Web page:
If the Times of India is to be taken seriously, then India might well be a state of Punjab, rather than the other way around, but the sad truth is that even as I bask in the warmth of old memories, I am continuously reminded that the generous land where my Dad spent his early childhood drinking lassi from mammoth glasses is not the same anymore. Stories of proud hope clash miserably with tales of broken dreams in faraway lands; of a youth so hooked onto drugs that the government is hiring popular singers-songwriters to write paens to a land besieged by a curse of plenty, in a desperate bid to wean a generation away from choosing the easy way out. Then there are those older stories of pesticides leaching into the groundwater and of children being born with horrific congenital defects, which jostle for space amid the crowded cities with their BMWs and SUVs -- all this in a state that has more Mercedes showrooms than any other in India; a planned mall with a helipad, no less; and matter-of-fact tales of half-a-dozen Beemers being given away as wedding presents to the "Boy's" family!

Still, this past week I've felt more alive, more joshed-up and (more than ever before) in serious need of antacids-- thanks to a parade of relatives hugging and feeding the life out of me -- than I have in a long, long time. It is this flawed paradise that reminds me of who I am and who I will always be: a similarly flawed, but proud offspring of a rich and stubbornly resilient heritage, held together by the sheer goodwill and tenacity of a people with hearts richer than all the butter chicken in all the world.

That's my Punjab: chakking the phattas at a corner near you!   

9 comments:

  1. nice. It's a terrible shame that I don't know my own language (punjabi). But we try, as best as we can to forge connections with the lands our parents grew up in..

    a laih, indeed. : )

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  2. @Pringle Man: thx. well, worry not - my situation's worse...i can sort of read and write Punjabi, but get choked every time I try speaking it, not to mention my complete humiliation of trying to test drive my pseudo-Punjooisms in front of those "theth" Surdy "rishtedaars"! still, it's kinda nice to know i could have auditioned for Bend it Like Beckham :)

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  3. Wow, one of my good friends jsut sent a email of your blog to me and Phatte chak aritcle likhiya haiga...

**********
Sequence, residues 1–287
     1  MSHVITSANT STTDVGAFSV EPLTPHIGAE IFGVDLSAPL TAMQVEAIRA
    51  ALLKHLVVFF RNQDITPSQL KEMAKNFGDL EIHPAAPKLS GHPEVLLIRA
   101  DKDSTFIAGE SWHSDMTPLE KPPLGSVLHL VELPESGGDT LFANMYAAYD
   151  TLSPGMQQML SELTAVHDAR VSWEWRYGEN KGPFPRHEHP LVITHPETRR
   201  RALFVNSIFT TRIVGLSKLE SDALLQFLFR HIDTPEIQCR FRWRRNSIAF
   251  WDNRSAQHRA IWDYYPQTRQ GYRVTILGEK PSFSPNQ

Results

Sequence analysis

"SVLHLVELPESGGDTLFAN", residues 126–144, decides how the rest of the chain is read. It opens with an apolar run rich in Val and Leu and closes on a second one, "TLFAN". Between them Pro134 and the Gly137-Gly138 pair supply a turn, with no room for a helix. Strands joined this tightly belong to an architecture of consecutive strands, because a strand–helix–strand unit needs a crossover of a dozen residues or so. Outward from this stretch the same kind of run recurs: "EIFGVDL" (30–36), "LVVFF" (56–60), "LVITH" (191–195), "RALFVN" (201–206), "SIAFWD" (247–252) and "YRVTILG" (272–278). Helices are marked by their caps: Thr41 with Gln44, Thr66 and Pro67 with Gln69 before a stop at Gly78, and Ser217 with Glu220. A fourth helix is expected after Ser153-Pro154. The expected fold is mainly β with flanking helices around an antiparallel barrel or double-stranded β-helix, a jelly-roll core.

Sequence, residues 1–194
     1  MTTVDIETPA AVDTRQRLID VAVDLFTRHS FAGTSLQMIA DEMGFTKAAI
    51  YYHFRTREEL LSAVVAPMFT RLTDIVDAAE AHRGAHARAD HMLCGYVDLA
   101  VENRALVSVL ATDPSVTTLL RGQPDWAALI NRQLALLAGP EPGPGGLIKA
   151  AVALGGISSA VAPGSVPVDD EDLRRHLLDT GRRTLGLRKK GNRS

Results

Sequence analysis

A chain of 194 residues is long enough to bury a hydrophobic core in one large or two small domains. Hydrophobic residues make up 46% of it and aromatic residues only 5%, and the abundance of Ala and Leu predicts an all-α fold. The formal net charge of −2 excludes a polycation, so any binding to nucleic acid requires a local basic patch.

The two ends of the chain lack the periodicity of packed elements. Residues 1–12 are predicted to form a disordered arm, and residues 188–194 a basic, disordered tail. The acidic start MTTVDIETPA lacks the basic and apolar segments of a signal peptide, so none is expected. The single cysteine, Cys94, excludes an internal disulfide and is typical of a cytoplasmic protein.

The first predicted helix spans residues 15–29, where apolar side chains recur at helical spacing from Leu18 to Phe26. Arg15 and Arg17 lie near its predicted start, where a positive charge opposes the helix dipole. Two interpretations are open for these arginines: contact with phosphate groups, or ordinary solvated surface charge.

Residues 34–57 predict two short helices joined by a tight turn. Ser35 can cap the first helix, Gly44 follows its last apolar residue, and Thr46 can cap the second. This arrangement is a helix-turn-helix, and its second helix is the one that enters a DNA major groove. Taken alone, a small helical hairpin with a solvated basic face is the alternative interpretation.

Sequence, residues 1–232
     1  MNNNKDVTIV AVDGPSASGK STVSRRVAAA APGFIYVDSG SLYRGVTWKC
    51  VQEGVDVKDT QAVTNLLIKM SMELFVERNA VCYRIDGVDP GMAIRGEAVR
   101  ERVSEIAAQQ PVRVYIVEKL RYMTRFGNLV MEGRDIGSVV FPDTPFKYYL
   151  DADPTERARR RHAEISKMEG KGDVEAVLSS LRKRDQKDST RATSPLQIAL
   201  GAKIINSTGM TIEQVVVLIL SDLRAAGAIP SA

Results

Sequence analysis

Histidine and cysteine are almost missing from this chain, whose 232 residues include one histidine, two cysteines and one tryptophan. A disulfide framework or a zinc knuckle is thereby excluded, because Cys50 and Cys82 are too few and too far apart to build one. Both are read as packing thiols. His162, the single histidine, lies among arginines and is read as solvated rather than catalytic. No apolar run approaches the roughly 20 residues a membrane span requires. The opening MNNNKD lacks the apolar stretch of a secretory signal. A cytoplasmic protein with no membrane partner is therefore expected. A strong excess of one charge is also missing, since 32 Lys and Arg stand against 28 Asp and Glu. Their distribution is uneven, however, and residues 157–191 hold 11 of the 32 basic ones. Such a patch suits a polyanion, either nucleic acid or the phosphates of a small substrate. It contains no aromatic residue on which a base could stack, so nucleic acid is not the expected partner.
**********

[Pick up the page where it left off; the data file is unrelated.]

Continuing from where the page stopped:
behja behja :)

    loved reaading it and as you say india might be a part of punjab rather the other way round is true , if you look at history and all but sadly all that has been forgottne and inspite of step motherly treatment by the centre we stand tall..

    Excellent will come back for more and this was in janaury you wrote long time when is the next one coming up ..

    Bikram's

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  4. Hey, love the way you write...will read all the old posts soon

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  5. @Bikramjit: thanks! Well, we all carry a little bit of Punjab inside us, don't we? I wrote this on the Shatabdi back to Delhi, completely overwhelmed...somehow haven't been able to muster that much passion to drag myself back here lately...these comments sure help:)
    @Aneeta: thank you! well, all I can say is...don't hold them against me ;)

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  6. "See me anywhere, but eat me here" : Deluxe Hotel Ambala Cantt, Haryana (en-route Punjab)?

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  7. @Incognito: yup, that's the one! Though I think it was a little inside town, on way to Cantonment, and not near the highway... fat juicy murga strutting his stuff on the billboard :)

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  8. Punjab evoke extremes: a lot of courage, swagger on the upside. Loud, back slapping, ribaldness, revelry, fat weddings is the other side. Punjab hits you on the face there is no avoiding. My perspective of Punjab that I saw in Delhi streets is the fad for western imagery; god these folks are racial.

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  9. @Sathyanarayanan: Punjab is nothing if not in-your-face, so I'll grant you that. But what you see on the streets of India's capital city is not Punjab, but a curious, so-called "Punjooness" that a melting pot like Delhi evokes. And the 'fad for western imagery' has deeper sociological implications, inextricably linked to a curious mix of influences that inspires Gen Next as a whole.

    Loud - yes...Fat weddings - uh huh...Ribald -proudly...Courage - totally... BUT I take serious exception to you calling "these folks" (read: me and mine) 'racial', which in itself is a misnomer. Besides I can't help but wonder if you have a single Punjabi friend who might help you prove your hypothesis wrong :)

    In fact, and I say this will all due respect, don't you think a gross generalization like yours might automatically qualify for the Inadvertently 'Racist' Hall of Fame in itself?